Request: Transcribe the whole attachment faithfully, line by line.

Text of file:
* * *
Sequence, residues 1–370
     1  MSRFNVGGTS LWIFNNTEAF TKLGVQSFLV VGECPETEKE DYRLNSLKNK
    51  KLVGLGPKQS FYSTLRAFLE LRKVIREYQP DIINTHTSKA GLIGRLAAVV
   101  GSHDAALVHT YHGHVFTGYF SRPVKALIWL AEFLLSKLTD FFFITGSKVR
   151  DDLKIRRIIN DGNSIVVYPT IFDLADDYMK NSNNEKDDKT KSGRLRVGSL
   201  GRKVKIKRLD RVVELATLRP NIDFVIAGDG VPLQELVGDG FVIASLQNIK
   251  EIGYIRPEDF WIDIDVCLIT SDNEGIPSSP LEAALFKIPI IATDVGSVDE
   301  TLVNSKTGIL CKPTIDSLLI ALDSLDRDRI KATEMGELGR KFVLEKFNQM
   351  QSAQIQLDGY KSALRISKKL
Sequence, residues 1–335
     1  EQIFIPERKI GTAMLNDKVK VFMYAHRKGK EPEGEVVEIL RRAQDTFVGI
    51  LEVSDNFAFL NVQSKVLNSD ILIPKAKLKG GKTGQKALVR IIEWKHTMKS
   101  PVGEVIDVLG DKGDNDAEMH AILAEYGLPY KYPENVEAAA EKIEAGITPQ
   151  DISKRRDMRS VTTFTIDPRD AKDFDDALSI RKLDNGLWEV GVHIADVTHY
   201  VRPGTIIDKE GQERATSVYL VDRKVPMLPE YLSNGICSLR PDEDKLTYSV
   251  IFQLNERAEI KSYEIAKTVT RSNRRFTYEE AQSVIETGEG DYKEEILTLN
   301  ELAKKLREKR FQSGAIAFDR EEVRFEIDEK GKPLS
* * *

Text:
Sequence, residues 1–370
     1  MSRFNVGGTS LWIFNNTEAF TKLGVQSFLV VGECPETEKE DYRLNSLKNK
    51  KLVGLGPKQS FYSTLRAFLE LRKVIREYQP DIINTHTSKA GLIGRLAAVV
   101  GSHDAALVHT YHGHVFTGYF SRPVKALIWL AEFLLSKLTD FFFITGSKVR
   151  DDLKIRRIIN DGNSIVVYPT IFDLADDYMK NSNNEKDDKT KSGRLRVGSL
   201  GRKVKIKRLD RVVELATLRP NIDFVIAGDG VPLQELVGDG FVIASLQNIK
   251  EIGYIRPEDF WIDIDVCLIT SDNEGIPSSP LEAALFKIPI IATDVGSVDE
   301  TLVNSKTGIL CKPTIDSLLI ALDSLDRDRI KATEMGELGR KFVLEKFNQM
   351  QSAQIQLDGY KSALRISKKL
Sequence, residues 1–335
     1  EQIFIPERKI GTAMLNDKVK VFMYAHRKGK EPEGEVVEIL RRAQDTFVGI
    51  LEVSDNFAFL NVQSKVLNSD ILIPKAKLKG GKTGQKALVR IIEWKHTMKS
   101  PVGEVIDVLG DKGDNDAEMH AILAEYGLPY KYPENVEAAA EKIEAGITPQ
   151  DISKRRDMRS VTTFTIDPRD AKDFDDALSI RKLDNGLWEV GVHIADVTHY
   201  VRPGTIIDKE GQERATSVYL VDRKVPMLPE YLSNGICSLR PDEDKLTYSV
   251  IFQLNERAEI KSYEIAKTVT RSNRRFTYEE AQSVIETGEG DYKEEILTLN
   301  ELAKKLREKR FQSGAIAFDR EEVRFEIDEK GKPLS